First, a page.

Not only that, but so did the number of prescriptions for antibiotics – something that indicates having rapid tests on hand to diagnose just what germ is causing an infection may cut down on unnecessary drug prescriptions.

“Winter seasonal viruses (influenza, respiratory syncytial virus, and seasonal coronavirus) currently average 12 per month compared with 4,800 per month in previous seasons," Dr. Alexander Lepak and colleagues at the University of Wisconsin School of Medicine wrote in their report, published in the Journal of the American Medical Association’s JAMA Internal Medicine.

“Other respiratory virus detections also decreased from 560 per month pre-pandemic to 228 per month during the pandemic," they wrote.

Prescriptions for antibiotics fell by 79%, they reported. 

“The data suggest that COVID-19 transmission mitigation strategies may help curb respiratory viral diseases beyond SARS-CoV-2 and, indirectly, decrease antibiotic prescribing,” they wrote.

 

11:13 a.m. ET, June 21, 2021

Maryland reports zero deaths from Covid-19 for the second day in a row

From CNN’s Jennifer Henderson

The state of Maryland is reporting zero deaths from Covid-19 for the second day in a row, Gov. Larry Hogan announced in a news release on Monday. 

According to Johns Hopkins University, Maryland has a seven-day average of three reported deaths and 68 new Covid-19 cases per day.

Maryland is also reporting a seven-day Covid-19 positivity rate of 0.66%, which is down 89% since mid-April, according to the release. 

There are currently 153 Covid-19 patients hospitalized statewide and 41 patients in the intensive care unit statewide which is nearing the lowest recorded level of people in the ICU of 40, the release adds.

Note: These numbers were released by the state's public health agency, and may not line up exactly in real time with CNN’s database drawn from Johns Hopkins University, the US Centers for Disease Control and Prevention, and the Department of Health and Human Services.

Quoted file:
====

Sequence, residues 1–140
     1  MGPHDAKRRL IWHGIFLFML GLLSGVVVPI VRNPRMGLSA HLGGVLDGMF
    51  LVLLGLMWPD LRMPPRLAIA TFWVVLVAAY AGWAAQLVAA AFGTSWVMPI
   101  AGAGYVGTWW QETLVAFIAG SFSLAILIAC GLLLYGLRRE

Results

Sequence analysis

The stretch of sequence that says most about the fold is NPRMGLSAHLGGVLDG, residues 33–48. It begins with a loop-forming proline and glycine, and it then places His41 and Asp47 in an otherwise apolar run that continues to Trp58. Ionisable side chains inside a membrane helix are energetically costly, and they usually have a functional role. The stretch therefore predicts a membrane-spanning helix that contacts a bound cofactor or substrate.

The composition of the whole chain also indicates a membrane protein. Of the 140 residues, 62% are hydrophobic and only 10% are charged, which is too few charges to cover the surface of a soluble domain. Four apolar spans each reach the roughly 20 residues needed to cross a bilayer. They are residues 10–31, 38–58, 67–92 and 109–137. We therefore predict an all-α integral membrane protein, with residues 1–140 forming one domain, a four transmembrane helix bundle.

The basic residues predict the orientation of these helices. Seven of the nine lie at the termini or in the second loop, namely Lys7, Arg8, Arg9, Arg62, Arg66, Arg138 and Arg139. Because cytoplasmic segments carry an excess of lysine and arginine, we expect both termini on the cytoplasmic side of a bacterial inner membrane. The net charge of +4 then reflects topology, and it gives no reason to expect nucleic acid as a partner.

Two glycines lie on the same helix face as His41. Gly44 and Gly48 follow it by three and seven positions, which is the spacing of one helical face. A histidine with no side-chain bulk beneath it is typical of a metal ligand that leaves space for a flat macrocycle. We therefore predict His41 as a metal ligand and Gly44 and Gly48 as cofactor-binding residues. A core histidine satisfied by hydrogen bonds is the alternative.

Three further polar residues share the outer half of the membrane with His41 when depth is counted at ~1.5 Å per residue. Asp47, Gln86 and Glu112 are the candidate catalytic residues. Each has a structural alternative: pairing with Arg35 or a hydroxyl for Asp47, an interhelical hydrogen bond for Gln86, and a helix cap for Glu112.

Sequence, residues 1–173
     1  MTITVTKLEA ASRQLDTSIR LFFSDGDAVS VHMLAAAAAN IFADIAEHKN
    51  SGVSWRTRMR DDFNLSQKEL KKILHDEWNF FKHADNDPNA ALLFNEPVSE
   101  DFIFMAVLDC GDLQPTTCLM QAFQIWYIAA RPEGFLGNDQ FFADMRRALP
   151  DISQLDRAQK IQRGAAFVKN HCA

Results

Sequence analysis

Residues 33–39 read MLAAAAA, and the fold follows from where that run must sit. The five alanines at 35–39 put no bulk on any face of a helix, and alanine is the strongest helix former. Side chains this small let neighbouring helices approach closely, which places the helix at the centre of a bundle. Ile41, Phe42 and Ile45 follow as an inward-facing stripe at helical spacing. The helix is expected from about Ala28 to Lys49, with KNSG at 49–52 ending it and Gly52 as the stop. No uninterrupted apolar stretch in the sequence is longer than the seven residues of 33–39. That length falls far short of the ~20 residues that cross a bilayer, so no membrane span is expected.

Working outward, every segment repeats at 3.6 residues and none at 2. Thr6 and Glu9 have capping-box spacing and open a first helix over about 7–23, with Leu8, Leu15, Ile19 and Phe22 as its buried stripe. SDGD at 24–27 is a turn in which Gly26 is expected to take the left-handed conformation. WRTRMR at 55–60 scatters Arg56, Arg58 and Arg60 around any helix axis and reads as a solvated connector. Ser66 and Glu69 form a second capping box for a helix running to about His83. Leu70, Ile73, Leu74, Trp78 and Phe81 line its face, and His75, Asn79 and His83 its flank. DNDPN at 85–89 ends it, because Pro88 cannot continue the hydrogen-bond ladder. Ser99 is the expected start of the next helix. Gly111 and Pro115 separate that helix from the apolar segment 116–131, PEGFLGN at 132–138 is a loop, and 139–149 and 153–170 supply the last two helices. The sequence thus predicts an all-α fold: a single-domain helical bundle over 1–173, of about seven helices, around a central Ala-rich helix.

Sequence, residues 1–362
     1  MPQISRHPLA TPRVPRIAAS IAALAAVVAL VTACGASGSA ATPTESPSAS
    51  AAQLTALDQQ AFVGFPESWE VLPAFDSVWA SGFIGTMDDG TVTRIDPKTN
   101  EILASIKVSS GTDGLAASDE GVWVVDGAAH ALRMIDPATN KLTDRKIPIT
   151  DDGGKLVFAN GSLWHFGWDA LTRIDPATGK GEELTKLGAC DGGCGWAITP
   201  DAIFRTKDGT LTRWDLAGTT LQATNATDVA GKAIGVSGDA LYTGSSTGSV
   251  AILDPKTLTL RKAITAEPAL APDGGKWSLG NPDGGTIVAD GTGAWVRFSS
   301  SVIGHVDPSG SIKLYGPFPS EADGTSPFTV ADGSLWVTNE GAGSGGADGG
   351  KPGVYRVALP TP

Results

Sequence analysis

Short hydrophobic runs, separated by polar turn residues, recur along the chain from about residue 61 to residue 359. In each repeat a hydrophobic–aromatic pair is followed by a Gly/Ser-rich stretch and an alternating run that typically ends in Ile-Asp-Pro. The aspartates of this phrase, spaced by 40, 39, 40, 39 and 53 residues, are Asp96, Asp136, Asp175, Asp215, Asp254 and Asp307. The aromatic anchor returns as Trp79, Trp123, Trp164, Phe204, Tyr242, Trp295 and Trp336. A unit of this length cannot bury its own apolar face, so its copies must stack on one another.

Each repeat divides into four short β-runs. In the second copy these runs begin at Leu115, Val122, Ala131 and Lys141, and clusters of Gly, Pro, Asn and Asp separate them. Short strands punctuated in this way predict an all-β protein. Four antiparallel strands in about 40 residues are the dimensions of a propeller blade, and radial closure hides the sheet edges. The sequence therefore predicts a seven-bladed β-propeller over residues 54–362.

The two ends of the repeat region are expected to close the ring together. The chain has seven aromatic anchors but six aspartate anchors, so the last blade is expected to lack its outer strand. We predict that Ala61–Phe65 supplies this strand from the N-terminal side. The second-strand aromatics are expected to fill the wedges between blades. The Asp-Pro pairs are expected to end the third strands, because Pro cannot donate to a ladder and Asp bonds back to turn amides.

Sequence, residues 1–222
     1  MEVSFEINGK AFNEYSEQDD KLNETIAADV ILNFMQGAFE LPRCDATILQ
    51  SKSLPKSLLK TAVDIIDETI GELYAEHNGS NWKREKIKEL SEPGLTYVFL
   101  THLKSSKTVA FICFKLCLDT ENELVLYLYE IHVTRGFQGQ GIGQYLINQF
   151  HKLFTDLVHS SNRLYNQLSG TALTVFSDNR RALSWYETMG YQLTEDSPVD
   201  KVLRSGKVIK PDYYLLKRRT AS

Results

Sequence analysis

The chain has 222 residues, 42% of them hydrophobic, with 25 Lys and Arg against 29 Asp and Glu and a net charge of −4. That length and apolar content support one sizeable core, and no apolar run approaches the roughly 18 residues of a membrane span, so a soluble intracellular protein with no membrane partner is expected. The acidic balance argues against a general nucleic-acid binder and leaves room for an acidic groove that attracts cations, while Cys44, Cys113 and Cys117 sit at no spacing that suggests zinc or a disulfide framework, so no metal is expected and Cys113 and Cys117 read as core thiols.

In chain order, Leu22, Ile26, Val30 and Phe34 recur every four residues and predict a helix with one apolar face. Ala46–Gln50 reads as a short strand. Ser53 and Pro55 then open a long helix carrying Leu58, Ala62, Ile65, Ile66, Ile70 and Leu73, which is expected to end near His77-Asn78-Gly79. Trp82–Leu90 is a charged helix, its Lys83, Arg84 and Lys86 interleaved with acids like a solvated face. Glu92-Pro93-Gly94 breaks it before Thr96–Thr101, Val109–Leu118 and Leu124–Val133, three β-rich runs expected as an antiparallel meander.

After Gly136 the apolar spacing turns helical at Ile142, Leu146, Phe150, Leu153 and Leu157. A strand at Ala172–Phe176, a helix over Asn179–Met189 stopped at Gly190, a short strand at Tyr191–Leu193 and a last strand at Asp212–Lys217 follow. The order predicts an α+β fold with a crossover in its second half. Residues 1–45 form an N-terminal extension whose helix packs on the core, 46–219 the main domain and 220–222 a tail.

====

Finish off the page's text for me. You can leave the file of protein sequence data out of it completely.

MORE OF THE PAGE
11:10 a.m. ET, June 21, 2021

Non-White children are at higher risk of negative outcomes from Covid-19, study says

From CNN’s Lauren Mascarenhas

Non-White children have a higher risk of negative Covid-19 outcomes, suggests research published in JAMA Pediatrics Monday.

The researchers used a nationally representative sample of 2,576,353 children ages zero to 18 in England to look into the relationship between race and Covid-19 outcomes among kids. Of the 410,726 children who were tested for Covid-19, 6.4% were positive.

About 17.1% of White children received a Covid-19 test, compared to 13.6% of Asian children, 8.3% of Black children and 12.9% of children of mixed or other races.

Although White children were most likely to receive a Covid-19 test, non-White children were more likely to test positive, the researchers note.

They also found that Asian children were significantly more likely to be hospitalized and need the intensive care unit than White children. 

Black children and those of mixed or other races had comparable risk of being hospitalized. However, those who were admitted were more likely to be hospitalized for 36 hours or more, compared to white children.

“These results suggest that racial minority children may have a more severe course of COVID-19,” the researchers wrote.

They also noted that additional research is needed to explore the risk around MIS-C and longer-term outcomes of coronavirus.

In a related editorial also published in JAMA Pediatrics Monday, pediatricians with Boston Children’s Hospital say a targeted approach is needed to respond to these inequities.

“If future initiatives do not prioritize equity over equality by distributing resources based on relative need and ensuring that children from communities most severely impacted by COVID-19 are given preference, we run the risk of perpetuating existing disparities for generations to come,” the authors wrote.

11:01 a.m. ET, June 21, 2021

Vaccinated in Louisiana? You could win a million dollars.

From CNN's Tina Burnside 

Louisiana residents who received at least one Covid-19 vaccine can register to win one million dollars as part of the state's "Shot at a Million" campaign, Gov. John Bel Edwards’ office announced. 

The campaign is part of the state's efforts to reward residents who get their Covid-19 vaccine.

Fourteen vaccinated residents will win scholarships and cash prizes throughout the month of July, and one adult will win $1 million.

Who can enter to win?

  • Louisianans who have taken at least one dose of the Covid-19 vaccine qualify.